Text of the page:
rdf:type lci:InanimatePhysicalObject, dm:WholeLifeIndividual, lci:NonActualIndividual, rdl:RDS6809993 ;
   	rdfs:label "Pipe A" ;
   	meta:valEffectiveDate "2016-09-21T16:51:00Z"^^xsd:dateTime .

   	rdf:type lci:InanimatePhysicalObject, dm:WholeLifeIndividual, lci:NonActualIndividual, rdl:RDS327239 ;
   	rdfs:label "Pump B" ;
   	meta:valEffectiveDate "2016-09-21T16:51:00Z"^^xsd:dateTime .

   	rdf:type dm:ClassOfDirectConnection ;
   	rdfs:subClassOf dm:DirectConnection ;
   	rdfs:label "FLANGED CONNECTION" ;
   	meta:valEffectiveDate "2016-08-16T00:00:00Z"^^xsd:dateTime .


  1. Prefixes : dm: , rdf: , rdfs: , tpl: , and meta: (and others) are local codes for the place where the item is (to be) stored or defined; these are "unfolded" in the "N-triple" format below;
  2. InanimatePhysicalObject is a specialization of PhysicalObject, so it is used legally in this template;
  3. That "FLANGED CONNECTION" has already been declared in the RDL (Reference Data Libary);

The template instance then is correctly completed as follows:

:60436c5c-edac-481a-88fe-0eaa82c7110c rdf:type tpl:ClassifiedDirectConnectionOfTwoIndividuals ;
	tpl:hasSide1 :b7b6dd66-6574-498b-92a6-cd35fffdf914 ;  # Pipe A"
	tpl:hasSide2 :9736e6dc-e617-43d9-989c-e733b908b02f ;  # Pump B
	tpl:hasDirectConnectionType rdl:RDS2229203 ; # FLANGED CONNECTION
	tpl:hasDirectConnection :8c864936-eb03-4ebd-95b8-117e3d2346f7 ; # see Note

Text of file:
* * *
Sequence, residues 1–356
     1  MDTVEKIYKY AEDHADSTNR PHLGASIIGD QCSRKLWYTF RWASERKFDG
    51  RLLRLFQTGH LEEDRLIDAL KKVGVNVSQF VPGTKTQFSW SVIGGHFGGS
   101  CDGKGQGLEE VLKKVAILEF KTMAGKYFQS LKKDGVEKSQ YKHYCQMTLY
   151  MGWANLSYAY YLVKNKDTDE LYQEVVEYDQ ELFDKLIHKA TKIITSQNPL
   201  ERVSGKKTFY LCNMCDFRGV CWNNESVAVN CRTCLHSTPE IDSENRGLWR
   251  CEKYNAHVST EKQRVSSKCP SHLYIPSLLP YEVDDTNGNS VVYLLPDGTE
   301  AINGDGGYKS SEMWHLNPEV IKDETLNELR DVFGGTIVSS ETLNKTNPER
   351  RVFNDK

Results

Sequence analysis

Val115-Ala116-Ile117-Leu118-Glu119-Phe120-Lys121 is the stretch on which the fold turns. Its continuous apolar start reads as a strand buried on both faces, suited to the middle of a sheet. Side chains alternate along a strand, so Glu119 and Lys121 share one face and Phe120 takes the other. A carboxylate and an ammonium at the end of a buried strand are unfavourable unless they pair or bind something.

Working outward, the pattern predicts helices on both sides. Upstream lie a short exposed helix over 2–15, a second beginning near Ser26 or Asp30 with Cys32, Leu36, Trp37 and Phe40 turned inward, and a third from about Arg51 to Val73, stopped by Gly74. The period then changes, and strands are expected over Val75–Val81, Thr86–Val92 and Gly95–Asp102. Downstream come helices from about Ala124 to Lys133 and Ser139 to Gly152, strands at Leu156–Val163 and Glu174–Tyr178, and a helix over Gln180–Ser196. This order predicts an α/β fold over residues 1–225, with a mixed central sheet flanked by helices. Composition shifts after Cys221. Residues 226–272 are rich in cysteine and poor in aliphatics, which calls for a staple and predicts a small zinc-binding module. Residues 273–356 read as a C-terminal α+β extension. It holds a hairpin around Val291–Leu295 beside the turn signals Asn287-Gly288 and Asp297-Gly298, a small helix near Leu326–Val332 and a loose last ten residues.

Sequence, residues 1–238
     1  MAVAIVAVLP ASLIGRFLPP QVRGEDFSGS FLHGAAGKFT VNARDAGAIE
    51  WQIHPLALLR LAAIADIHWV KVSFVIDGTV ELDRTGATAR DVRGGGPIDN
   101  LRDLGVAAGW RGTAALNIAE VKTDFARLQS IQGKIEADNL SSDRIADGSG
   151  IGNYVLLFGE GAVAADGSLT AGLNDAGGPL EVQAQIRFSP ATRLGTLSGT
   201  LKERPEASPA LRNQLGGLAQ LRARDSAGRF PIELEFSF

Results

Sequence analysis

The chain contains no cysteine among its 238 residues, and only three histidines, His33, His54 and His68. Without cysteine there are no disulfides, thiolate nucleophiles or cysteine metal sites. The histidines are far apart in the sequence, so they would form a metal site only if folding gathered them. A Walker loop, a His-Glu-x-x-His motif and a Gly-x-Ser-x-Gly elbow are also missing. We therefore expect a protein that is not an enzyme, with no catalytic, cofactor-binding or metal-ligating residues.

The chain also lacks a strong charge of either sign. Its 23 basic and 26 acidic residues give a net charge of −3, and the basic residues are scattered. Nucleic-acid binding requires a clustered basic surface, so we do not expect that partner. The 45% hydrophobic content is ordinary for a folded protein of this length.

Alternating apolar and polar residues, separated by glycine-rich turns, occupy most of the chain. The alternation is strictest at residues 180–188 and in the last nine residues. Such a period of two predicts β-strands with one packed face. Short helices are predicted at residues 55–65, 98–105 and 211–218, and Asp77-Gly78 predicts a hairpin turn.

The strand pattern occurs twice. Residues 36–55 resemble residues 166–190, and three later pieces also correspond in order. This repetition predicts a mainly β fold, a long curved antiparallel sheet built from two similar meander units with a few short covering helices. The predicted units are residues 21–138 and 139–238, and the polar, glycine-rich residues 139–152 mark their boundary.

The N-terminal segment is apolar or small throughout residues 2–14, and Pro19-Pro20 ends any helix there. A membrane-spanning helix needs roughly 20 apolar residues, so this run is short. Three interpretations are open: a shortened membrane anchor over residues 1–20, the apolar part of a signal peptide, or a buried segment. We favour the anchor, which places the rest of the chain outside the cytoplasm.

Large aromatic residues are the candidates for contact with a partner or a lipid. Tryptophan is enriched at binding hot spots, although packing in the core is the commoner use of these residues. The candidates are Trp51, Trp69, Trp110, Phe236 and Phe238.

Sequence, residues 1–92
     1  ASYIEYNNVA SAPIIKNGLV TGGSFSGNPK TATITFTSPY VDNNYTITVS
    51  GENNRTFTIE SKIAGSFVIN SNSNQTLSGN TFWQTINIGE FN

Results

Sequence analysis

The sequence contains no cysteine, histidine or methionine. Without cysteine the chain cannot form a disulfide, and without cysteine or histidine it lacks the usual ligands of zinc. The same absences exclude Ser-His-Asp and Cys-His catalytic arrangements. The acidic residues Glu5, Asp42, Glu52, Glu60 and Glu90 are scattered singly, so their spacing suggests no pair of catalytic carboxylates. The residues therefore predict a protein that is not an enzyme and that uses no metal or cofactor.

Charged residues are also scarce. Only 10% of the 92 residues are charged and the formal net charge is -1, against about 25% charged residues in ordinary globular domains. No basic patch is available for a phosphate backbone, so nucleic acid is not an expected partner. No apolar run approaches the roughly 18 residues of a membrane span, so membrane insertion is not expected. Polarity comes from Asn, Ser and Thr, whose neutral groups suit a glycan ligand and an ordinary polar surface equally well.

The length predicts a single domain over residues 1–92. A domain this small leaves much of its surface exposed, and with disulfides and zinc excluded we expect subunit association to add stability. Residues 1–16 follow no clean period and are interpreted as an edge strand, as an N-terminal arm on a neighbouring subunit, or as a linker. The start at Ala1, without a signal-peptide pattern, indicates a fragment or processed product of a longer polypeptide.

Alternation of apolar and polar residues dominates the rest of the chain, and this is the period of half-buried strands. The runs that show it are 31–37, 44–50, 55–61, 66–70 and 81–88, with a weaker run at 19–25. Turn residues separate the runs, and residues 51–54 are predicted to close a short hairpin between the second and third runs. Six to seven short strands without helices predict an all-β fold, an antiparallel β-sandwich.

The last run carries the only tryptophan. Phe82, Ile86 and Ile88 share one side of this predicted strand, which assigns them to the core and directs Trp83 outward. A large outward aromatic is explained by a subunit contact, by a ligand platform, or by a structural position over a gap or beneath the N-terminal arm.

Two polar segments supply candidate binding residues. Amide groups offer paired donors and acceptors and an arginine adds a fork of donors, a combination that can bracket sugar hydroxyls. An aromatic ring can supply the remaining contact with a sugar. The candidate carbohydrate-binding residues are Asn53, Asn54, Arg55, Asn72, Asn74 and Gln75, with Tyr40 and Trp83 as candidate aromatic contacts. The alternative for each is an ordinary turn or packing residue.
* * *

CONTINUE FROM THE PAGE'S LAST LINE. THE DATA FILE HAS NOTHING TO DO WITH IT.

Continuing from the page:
meta:valEffectiveDate "2016-09-21T16:51:00Z"^^xsd:dateTime .

This can easily be converted to a format, called N-triple, that is used for storage, a "triple store" :

All< objects have a URI (http:// address), not all of them are "dereferenceable" (i.e. in case a URI is being sent an information representation is returned).

When a declared object or template is no longer valid, e.g. when Pipe A and Pump B are no longer connected (in this example on the P&ID), the template is made invalid by adding one triple:

:60436c5c-edac-481a-88fe-0eaa82c7110c meta:valDeprecationDate "2017-06-21T14:37:00+00:00"^^xsd:dateTime .

All plant and plant component lifecycle information follows the same pattern of declared objects and templates.

Using the standard query language SPARQL all information valid now or at a given date-time can be fetched via the rdfs:label or via other information.
For example, if you don't know the label of the pipe, you can ask for the objects that are connected with Pump B. For components use subtags, such as "P-101-IMP" as tag for the impeller of Pump P-101.